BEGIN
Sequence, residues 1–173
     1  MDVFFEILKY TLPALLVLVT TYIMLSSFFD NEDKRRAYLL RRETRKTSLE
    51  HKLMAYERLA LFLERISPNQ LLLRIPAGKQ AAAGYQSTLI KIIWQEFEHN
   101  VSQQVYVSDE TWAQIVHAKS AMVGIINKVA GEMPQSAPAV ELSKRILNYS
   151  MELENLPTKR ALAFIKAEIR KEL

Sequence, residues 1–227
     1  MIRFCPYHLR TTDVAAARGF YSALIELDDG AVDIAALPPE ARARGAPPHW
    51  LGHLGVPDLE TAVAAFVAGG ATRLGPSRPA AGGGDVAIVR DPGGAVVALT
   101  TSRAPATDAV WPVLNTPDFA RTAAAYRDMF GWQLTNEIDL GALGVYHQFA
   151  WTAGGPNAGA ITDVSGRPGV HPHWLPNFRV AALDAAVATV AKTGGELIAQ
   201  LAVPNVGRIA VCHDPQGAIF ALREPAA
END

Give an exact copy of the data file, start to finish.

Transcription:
Sequence, residues 1–173
     1  MDVFFEILKY TLPALLVLVT TYIMLSSFFD NEDKRRAYLL RRETRKTSLE
    51  HKLMAYERLA LFLERISPNQ LLLRIPAGKQ AAAGYQSTLI KIIWQEFEHN
   101  VSQQVYVSDE TWAQIVHAKS AMVGIINKVA GEMPQSAPAV ELSKRILNYS
   151  MELENLPTKR ALAFIKAEIR KEL

Sequence, residues 1–227
     1  MIRFCPYHLR TTDVAAARGF YSALIELDDG AVDIAALPPE ARARGAPPHW
    51  LGHLGVPDLE TAVAAFVAGG ATRLGPSRPA AGGGDVAIVR DPGGAVVALT
   101  TSRAPATDAV WPVLNTPDFA RTAAAYRDMF GWQLTNEIDL GALGVYHQFA
   151  WTAGGPNAGA ITDVSGRPGV HPHWLPNFRV AALDAAVATV AKTGGELIAQ
   201  LAVPNVGRIA VCHDPQGAIF ALREPAA